Brian May says he was 'very near death' after a heart attack

By Mark Savage
BBC music reporter

Image source, PA Media
Image caption,
The star said his "small" heart attack revealed more serious underlying problems

Queen guitarist Brian May has revealed he "could have died" after being rushed to hospital following a heart attack.

The 72-year-old said he was "shocked" to discover he needed surgery after what he described as a "small" heart attack earlier this month.

The star's heart scare came a few days after a separate medical issue, when he thought he had ripped his glutes during a gardening accident.

He explained his latest health problem in a video posted to Instagram.

"I thought I was a very healthy guy," he said.

"But I turned out to have three arteries that were congested and in danger of blocking the supply of blood to my heart."

May was subsequently fitted with three stents - tiny tubes that can hold open blocked arteries - and says he is back in full health.

"I walked out with a heart that's very strong now, so I think I'm in good shape for some time to come."

The star made headlines earlier this month when he posted that he had torn a muscle in his gluteus maximus during a gardening accident.

The injury left him in "relentless pain," which he later discovered was due to another injury.

"I told you I had a ripped muscle," he said in the seven-minute video he posted titled "Sheer Heart Attack" - a reference to the title of Queen's third album, released in 1974.

"That was the way I was diagnosed and we thought it was like a bizarre gardening accident.

"I didn't realise that was amusing, really. I kind of forgot anything to do with the bum people find amusing... but anyway, it turned out to be not really the case.

"Now a week later I'm still in agony. I mean real agony. I wanted to jump at some points. I could not believe the pain. And people were saying, 'That's not like a ripped muscle, you don't get that amount of pain,' so eventually I had another MRI.

'But this time I had one of the lower spine and, sure enough, what did we discover but I had a compressed sciatic nerve, quite severely compressed, and that's why I had the feeling that someone was putting a screwdriver in my back the whole time. It was excruciating.

"So finally we started treating the thing for what it was. I'd been putting the ice packs in the wrong place for about 10 days.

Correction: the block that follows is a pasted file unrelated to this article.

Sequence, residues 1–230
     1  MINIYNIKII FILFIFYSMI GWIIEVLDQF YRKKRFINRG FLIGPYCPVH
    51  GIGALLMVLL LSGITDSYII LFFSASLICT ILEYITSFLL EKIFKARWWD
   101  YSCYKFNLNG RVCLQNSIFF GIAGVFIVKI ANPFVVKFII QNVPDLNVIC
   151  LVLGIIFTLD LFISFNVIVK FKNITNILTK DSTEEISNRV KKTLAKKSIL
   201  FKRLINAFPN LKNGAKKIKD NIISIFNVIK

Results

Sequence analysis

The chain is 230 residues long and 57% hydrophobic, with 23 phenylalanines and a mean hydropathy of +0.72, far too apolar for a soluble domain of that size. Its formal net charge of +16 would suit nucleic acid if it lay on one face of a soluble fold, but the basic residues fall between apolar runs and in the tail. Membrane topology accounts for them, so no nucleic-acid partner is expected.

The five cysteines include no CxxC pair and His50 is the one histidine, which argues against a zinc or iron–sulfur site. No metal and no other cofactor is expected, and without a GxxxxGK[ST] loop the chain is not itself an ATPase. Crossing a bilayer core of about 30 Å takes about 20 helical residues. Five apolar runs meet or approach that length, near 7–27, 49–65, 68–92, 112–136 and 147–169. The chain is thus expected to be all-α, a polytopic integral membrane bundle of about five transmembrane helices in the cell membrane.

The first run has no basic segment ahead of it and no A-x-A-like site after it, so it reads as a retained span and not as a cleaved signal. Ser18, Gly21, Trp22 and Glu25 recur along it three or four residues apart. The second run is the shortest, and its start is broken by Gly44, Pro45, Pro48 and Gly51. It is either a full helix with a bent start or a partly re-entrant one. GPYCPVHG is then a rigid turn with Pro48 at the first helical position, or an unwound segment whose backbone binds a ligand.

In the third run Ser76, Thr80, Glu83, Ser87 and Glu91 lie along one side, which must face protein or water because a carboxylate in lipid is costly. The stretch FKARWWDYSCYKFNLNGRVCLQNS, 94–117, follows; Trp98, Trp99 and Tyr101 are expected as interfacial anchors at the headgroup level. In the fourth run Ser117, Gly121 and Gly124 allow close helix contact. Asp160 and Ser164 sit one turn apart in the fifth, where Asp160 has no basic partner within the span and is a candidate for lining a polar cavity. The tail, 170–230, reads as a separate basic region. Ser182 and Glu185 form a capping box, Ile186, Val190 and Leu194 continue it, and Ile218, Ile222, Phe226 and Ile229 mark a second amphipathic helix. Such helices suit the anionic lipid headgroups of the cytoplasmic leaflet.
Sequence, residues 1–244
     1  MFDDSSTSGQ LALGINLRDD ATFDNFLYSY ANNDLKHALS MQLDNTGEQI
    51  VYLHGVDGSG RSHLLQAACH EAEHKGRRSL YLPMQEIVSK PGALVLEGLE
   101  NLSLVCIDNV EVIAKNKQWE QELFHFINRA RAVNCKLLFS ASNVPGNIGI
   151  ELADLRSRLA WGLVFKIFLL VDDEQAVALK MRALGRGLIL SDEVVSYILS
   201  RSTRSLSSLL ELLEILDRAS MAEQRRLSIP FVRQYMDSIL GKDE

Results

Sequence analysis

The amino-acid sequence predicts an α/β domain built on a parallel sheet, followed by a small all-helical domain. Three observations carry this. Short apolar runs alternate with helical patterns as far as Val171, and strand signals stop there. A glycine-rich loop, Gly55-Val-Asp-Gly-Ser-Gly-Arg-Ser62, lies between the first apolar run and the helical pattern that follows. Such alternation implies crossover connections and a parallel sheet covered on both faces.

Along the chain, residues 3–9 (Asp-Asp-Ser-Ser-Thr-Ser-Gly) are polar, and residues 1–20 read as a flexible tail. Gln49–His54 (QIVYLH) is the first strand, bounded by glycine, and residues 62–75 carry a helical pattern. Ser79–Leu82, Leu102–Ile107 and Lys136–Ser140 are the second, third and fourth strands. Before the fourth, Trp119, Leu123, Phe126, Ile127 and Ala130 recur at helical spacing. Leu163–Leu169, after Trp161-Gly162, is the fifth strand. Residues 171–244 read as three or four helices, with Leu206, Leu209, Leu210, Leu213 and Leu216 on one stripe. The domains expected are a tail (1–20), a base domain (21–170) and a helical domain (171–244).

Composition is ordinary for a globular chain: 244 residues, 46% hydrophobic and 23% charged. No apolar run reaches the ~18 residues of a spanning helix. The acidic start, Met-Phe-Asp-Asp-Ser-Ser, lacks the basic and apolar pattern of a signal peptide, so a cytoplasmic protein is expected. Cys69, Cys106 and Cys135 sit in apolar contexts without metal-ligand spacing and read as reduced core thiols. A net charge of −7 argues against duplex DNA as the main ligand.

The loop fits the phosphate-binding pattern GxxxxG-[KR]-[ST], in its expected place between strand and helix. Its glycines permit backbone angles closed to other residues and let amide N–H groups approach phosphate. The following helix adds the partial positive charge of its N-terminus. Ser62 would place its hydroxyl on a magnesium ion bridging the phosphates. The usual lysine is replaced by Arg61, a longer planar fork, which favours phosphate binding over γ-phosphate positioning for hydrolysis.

Chest pains

'That's one side of the story, and I'm a lot better now... But the rest of the story is a little more bizarre and a bit more shocking.

"I thought I was a very healthy guy. Everyone says, 'You've got a great blood pressure, you've got a great heart rate'. And I keep fit, I bike, good diet, not too much fat.

"Anyway, I had - in the middle of the whole saga of the painful backside - I had a small heart attack.

"It's not something that did me any harm. It was about 40 minutes of pain in the chest and tightness, and that feeling in the arms and sweating."

Having realised he was having a heart attack, he called his doctor, who drove him to hospital for tests that exposed his underlying health problems.

Image source, PA Media
Image caption,
Queen were due to be on tour with Adam Lambert this year before coronavirus put live music on hold

Given the choice between open heart surgery and having stents fitted, the musician chose the latter, and said the operation was remarkably straightforward.

The star added that his experience should be a lesson to other people in their "autumn years".

"What seems to be a very healthy heart may not be, and I would get it checked if I were you," he said.

"I was actually very near death [but] I didn't die. I came out and I would have been full of beans if it hadn't been for the leg."

May's health scare came shortly after Queen released a new version of We Are The Champions to raise money for the World Health Organization's Covid-19 fund.

The single was renamed You Are The Champions as a tribute to medical staff, and was recorded under lockdown.

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